In my home, as a child, there was always talk of the twelve days of Christmas. Sometimes, on one of the twelve days, there might be another present or two for us – usually under Frank and Martha Carver’s tree, the two other older people in the lives of me and my brother, Andrew. They lived on a farm with a Franklin stove that was always warm and a house that smelled wonderfully of the country. We Conants and Carvers all knew that Christmas was about a journey. Not that our family felt any affinity towards the religious aspect of the holiday, in fact I’d say they were solidly secular about it – but in spite of that, my parents delighted in singing the old religious hymns and recounting the historically accurate account of Christmas which our commercial world seemed to ignore completely. Making the season even more personally meaningful to us all was that Andrew’s birthday was on New Year’s Eve, and my parents – though seven years apart in age – were both born on January 6th, Epiphany. (The day most of the Christian world is busy celebrating Christmas and giving each other gifts as the wise men themselves did two thousand years ago.)
I too, have stressed to my own child that this season is about a beginning, a journey, and finally the culmination of that journey on Epiphany. My son is himself easily able to see metaphors in life and can see the season for what it offers. He may still believe in Santa, and we may not be a household dedicated only to the teachings of Jesus, but he can still understand how holy a time this is in our yearly calendar and how this time is a good one for self-reflection and renewal. I myself, however, in spite of my lifelong efforts to remind my peers that the true celebration of Christmas only just begins on the 25th, have just finally gotten one thing straight. The twenty-fifth is not the first day of the twelve as I’d always thought (I’d been counting Epiphany as a stand-alone day after the conclusion of the twelve days) but rather the first of the twelve days of Christmas begins on the twenty-sixth.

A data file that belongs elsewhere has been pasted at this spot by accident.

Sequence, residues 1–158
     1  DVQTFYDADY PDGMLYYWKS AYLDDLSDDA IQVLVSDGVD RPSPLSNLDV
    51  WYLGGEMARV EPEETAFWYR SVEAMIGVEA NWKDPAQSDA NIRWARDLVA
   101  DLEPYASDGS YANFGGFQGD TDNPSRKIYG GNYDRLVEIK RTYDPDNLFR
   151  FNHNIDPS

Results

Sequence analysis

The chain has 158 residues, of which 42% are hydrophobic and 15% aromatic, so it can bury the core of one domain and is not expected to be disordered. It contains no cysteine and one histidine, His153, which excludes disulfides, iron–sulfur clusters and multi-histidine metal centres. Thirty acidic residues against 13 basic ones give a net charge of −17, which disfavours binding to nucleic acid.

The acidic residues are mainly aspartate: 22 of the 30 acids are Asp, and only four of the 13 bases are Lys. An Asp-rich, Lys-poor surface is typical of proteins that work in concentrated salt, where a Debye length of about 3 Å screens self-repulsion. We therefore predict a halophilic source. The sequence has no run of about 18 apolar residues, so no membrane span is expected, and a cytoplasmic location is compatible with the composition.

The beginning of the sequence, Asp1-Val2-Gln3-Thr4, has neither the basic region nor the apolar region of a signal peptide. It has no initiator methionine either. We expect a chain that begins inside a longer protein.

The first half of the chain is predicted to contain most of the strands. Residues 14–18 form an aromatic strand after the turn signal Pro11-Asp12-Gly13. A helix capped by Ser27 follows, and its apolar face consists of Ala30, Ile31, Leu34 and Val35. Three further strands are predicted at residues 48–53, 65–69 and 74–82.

Today I also learned that there is a correlation between the signs of the zodiac and these twelve days. I realize this may be dangerous territory for some; to mix the Christian teachings with the Zodiac (the study of the Zodiac being something which seems either too ridiculously ancient, esoteric or just plain bullshit to many) may seem a stretch, or perhaps wrong, blasphemous. But I am at once impressed at the way in which these different templates match up, how magnificently it all seems to work. (There are also 12 tones in our western chromatic scale!) I realize that to some the relationship between the Zodiac and the days of Christmas may be no new information, but for me it was. I also just learned that many folks are under the impression that Christmas day marks the end – or the culmination of the twelve days. Big world. Lots of stories. The journey to the truth takes time and discretion.